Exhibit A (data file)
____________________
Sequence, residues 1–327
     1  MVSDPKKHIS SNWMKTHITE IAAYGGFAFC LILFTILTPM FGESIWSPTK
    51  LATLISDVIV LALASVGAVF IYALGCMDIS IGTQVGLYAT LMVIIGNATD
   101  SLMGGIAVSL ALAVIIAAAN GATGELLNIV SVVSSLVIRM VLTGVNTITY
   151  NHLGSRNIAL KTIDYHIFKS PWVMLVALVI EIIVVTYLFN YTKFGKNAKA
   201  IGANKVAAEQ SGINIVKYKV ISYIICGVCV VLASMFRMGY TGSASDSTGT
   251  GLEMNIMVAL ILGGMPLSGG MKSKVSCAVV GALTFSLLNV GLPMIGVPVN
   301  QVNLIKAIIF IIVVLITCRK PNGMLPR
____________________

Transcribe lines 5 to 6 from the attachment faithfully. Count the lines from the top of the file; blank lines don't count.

   151  NHLGSRNIAL KTIDYHIFKS PWVMLVALVI EIIVVTYLFN YTKFGKNAKA
   201  IGANKVAAEQ SGINIVKYKV ISYIICGVCV VLASMFRMGY TGSASDSTGT